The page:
Sahil Vakil:          That's fantastic. I think that's a great prioritization exercise. It's funny because when I get into this conversation with my clients, the first thing, the response I get is this weird cringing like, "You're a financial planner. You're supposed to talk numbers and show me graphs and charts. Why are we doing this touchy-feely, emotional conversation?" They look at me weirdly and they're just like, "What's going on over here?" I mean in that sense, I know, George, you're a mindfulness teacher as well. Is there an intersection of client relationship skills, mindfulness, life planning, all these different kind of areas of expertise?

George Kinder:   Well, I want to say first of all to the client who has that thought that you're supposed to be just talking about money and figuring out the money, if you were just to address the money issues for them and they had not thought about what is most important to them and oftentimes what we find is that they haven't. That's one reason that life planning is so successful with clients, why clients love it so much is because it really grounds them in who they are and who they want to be. Your classic financial advisor, stockbroker, whatever they call themselves is just focused on products and numbers and spreadsheets and all of that. The client goes away and it's kind of a ho-hum relationship.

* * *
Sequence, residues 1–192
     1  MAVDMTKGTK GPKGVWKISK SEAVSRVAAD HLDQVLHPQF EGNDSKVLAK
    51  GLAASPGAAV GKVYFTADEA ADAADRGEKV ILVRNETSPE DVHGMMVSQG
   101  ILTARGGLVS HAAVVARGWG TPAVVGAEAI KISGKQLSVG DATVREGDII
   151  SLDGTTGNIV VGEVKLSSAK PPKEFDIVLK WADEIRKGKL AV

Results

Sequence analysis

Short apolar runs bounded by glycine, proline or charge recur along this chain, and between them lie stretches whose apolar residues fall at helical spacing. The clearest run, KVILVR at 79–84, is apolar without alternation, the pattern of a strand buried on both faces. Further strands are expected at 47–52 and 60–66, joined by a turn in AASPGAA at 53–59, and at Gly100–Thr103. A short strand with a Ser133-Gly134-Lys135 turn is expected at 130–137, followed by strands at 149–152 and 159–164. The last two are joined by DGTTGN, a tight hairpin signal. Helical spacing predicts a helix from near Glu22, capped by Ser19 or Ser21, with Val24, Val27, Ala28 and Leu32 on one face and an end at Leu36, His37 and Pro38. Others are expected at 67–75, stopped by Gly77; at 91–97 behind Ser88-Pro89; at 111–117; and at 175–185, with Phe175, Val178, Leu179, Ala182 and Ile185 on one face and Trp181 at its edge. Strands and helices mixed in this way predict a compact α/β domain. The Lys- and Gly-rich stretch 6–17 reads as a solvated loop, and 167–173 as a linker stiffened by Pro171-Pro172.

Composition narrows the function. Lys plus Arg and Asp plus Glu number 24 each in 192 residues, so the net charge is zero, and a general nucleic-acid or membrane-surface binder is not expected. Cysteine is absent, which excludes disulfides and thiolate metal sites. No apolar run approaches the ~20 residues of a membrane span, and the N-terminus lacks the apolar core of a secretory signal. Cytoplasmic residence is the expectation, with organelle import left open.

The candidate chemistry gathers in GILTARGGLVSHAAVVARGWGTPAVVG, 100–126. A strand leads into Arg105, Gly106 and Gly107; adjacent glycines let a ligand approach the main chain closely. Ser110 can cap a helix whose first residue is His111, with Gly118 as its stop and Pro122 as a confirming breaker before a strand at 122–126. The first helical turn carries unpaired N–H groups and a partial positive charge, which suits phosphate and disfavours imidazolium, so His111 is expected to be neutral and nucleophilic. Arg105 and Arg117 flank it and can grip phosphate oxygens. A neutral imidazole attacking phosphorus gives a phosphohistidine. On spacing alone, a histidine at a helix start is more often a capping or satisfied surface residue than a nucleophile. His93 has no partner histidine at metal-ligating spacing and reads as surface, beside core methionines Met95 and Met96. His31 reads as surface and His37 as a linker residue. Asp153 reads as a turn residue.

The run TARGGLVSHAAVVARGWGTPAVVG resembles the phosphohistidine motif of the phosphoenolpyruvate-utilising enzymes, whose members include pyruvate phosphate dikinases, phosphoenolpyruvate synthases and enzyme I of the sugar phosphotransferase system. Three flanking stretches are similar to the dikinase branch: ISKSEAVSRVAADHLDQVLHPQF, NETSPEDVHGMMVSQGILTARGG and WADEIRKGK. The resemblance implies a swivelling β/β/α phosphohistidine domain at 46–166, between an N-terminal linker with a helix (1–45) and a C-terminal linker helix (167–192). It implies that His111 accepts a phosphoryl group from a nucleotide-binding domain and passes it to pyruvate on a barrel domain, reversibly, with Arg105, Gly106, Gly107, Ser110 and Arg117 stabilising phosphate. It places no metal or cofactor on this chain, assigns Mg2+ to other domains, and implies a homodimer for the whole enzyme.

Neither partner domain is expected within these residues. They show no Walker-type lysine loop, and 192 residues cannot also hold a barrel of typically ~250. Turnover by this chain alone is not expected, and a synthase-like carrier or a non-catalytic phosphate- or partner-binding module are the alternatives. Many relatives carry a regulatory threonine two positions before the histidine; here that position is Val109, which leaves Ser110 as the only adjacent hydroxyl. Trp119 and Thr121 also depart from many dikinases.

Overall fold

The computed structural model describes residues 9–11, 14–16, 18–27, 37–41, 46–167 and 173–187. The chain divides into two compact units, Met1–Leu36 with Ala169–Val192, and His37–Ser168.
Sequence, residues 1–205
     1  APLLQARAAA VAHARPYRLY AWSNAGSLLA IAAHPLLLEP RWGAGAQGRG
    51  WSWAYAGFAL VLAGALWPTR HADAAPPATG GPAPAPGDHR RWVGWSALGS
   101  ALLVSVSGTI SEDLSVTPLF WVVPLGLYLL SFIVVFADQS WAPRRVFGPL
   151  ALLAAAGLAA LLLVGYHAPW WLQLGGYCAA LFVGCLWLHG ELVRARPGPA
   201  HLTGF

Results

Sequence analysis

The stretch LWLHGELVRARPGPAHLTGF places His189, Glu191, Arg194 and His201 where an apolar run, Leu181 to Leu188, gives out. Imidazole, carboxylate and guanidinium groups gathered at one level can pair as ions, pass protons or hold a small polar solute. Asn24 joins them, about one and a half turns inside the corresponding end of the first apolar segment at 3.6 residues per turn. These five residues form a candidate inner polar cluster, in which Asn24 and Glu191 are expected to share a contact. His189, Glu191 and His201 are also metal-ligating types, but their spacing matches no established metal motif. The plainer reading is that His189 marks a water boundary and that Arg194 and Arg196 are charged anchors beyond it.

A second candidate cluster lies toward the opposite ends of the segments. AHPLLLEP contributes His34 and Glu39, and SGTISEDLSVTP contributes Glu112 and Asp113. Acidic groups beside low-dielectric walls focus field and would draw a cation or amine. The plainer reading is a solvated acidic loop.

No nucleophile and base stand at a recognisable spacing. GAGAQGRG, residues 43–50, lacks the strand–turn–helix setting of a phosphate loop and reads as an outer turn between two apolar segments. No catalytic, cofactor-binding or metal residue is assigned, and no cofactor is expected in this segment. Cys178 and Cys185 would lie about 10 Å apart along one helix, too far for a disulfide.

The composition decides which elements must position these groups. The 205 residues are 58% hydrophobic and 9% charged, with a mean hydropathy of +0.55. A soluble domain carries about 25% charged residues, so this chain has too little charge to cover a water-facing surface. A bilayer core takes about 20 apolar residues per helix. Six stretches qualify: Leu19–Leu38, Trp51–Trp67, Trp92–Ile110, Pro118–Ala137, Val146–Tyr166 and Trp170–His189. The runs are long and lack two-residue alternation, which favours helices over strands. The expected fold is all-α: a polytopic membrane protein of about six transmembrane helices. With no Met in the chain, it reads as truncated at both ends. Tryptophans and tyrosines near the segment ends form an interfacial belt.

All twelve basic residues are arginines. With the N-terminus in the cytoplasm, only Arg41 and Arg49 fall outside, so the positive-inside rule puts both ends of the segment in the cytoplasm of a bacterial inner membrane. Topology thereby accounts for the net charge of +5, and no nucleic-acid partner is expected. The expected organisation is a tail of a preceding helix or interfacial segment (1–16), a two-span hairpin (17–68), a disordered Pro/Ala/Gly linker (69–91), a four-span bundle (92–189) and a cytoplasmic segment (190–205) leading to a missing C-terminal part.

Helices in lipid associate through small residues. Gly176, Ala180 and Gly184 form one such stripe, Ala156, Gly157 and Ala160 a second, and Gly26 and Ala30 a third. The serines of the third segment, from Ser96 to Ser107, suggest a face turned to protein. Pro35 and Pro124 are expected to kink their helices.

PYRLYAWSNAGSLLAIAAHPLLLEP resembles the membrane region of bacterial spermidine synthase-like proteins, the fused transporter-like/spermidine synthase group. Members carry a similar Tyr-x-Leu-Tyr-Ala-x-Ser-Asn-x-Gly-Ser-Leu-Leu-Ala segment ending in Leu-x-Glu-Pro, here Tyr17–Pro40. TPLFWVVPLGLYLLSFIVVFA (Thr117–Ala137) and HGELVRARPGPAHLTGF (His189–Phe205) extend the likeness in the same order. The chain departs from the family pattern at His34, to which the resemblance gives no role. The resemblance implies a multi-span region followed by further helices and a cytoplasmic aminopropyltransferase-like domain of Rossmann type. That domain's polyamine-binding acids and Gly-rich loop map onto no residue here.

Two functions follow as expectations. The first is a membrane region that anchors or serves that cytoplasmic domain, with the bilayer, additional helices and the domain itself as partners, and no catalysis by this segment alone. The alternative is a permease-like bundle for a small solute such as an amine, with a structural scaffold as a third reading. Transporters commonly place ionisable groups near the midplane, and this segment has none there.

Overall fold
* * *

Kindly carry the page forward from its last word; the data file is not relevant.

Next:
They don't feel a great connection with the person that they've been with. They feel that the money's okay. But it's not the feeling that comes out of a life planning experience where you feel the money is on target toward who I want to be. It's going to make me the person in my family, the family that I want the most to be. There is no other way to do financial planning. I can't imagine. If you're just focused on the numbers, it's superficial. One of the things we talk about is how important it is to be a fiduciary for the client. If you have a financial advisor and all they're focused on is the products and the spreadsheets, they are not a fiduciary for you.